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Coriana Ifopo to change plea in filing false IRS tax returns for local residents

An American Samoan woman accused of filing false tax returns with the US Internal Revenue Service (IRS) for local residents intends to change her plea, according to her attorney in recent court filings at the federal court in Anchorage, Alaska.

Coriana Ifopo, 54, was arrested in Honolulu on July 11, 2017 and charged under a 28-count indictment handed down June 20th by a federal grand jury in Anchorage, where she appeared on July 14th and entered a 'not guilty' plea to filing fraudulent tax returns with the IRS for local residents, who do not qualify for the federal Earned Income Tax Credit (EITC).

The indictment shows 28 individuals, identified in court documents by their initials, with the dates of when the returns were filed with the IRS or when the IRS refunds were issued.

Total loss to the IRS — shown in the indictment — based on the amounts for the 28 individuals is $167,000, although the US Justice Department had an estimated loss of more than $1.3 million.

The government alleges that Ifopo’s crime occurred between 2013 and 2015 with the first IRS refund check issued May 20, 2014 and the last one on Feb. 20, 2016. US Assistant Attorney, Aunnie Steward said Ifopo filed tax returns on behalf of over 200 other individuals living in American Samoa - all these individuals don’t qualify for the EITC.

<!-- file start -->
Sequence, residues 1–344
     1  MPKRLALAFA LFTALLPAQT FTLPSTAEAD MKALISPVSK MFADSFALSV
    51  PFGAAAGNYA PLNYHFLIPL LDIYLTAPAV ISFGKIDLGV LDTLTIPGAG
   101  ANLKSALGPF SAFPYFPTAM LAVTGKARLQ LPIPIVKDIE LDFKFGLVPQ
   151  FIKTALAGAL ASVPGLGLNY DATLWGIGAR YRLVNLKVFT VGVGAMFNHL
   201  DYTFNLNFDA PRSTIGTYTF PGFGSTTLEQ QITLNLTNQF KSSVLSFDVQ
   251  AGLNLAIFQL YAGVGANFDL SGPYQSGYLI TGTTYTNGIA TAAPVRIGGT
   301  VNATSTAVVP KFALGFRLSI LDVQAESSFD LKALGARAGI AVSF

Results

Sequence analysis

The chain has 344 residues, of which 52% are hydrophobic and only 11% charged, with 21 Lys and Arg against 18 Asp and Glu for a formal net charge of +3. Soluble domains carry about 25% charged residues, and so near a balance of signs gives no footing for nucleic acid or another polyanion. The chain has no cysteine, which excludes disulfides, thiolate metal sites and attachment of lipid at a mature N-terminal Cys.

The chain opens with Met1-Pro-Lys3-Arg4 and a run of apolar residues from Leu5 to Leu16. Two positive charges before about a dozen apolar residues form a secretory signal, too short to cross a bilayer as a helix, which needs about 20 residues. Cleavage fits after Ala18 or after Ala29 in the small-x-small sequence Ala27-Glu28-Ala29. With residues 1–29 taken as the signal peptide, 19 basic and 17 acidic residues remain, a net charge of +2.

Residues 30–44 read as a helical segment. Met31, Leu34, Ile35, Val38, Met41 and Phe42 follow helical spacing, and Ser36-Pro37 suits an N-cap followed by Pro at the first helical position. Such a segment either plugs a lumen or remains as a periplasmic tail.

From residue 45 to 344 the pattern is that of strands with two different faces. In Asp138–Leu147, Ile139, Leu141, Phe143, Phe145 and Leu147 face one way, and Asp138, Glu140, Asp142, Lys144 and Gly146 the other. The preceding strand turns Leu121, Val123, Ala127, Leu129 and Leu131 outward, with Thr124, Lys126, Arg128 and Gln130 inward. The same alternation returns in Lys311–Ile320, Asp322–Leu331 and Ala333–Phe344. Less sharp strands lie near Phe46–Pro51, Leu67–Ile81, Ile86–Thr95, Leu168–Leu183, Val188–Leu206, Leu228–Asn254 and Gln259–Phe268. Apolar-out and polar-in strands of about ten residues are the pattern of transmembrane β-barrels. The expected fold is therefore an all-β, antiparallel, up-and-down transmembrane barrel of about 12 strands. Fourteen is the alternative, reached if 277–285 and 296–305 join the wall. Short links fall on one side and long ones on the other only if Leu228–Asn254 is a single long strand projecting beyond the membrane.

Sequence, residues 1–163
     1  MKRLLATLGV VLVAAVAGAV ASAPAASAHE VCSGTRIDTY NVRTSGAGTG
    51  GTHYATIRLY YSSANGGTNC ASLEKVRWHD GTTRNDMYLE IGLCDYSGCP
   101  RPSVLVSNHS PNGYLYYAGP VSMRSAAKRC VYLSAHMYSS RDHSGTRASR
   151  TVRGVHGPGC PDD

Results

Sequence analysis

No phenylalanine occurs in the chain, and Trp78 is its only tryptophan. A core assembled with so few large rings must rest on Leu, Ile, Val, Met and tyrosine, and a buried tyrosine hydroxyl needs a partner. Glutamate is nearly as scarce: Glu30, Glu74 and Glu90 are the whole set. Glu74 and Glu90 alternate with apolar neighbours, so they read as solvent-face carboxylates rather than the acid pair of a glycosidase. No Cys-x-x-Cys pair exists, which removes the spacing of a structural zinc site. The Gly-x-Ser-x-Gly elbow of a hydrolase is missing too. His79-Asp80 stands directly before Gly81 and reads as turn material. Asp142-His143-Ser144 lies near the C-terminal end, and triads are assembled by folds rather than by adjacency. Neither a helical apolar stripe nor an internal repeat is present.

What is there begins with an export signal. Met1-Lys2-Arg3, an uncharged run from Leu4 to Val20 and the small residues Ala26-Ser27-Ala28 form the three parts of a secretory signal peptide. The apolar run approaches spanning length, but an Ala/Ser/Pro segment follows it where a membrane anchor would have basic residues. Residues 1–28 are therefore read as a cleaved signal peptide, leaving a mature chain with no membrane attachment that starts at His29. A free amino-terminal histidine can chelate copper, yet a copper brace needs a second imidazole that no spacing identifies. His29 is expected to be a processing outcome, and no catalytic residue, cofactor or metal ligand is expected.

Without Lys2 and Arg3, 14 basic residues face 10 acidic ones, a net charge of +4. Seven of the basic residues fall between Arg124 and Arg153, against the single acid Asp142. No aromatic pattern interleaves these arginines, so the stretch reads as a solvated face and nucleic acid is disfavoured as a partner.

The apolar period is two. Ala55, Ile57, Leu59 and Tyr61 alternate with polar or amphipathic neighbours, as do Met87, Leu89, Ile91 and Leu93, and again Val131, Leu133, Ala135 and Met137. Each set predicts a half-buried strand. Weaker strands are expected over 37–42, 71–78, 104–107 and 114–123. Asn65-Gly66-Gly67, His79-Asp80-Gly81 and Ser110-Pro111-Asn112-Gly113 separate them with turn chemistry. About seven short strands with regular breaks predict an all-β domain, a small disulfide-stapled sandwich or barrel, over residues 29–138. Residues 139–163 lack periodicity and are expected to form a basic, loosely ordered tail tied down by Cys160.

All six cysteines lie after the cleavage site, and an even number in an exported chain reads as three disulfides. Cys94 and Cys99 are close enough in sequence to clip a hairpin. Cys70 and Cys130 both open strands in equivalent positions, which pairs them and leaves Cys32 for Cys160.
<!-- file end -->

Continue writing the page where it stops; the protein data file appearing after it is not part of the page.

Late last week, Ifopo’s attorney, Assistant Federal Defender Jamie McGrady, filed a notice with the court about the defendant’s “intent to change her plea in this matter and intends to proceed without a written plea agreement.”

Final pretrial conference and trial are scheduled for Nov.  27, 2017 while a status hearing is presently scheduled for Nov. 13th, according to McGrady’s notice.

Ifopo requests that the final pretrial conference and trial scheduled for Nov. 27 be vacated and a proposed change of plea hearing be set for a date and time convenient to the Court and parties in late November, it says.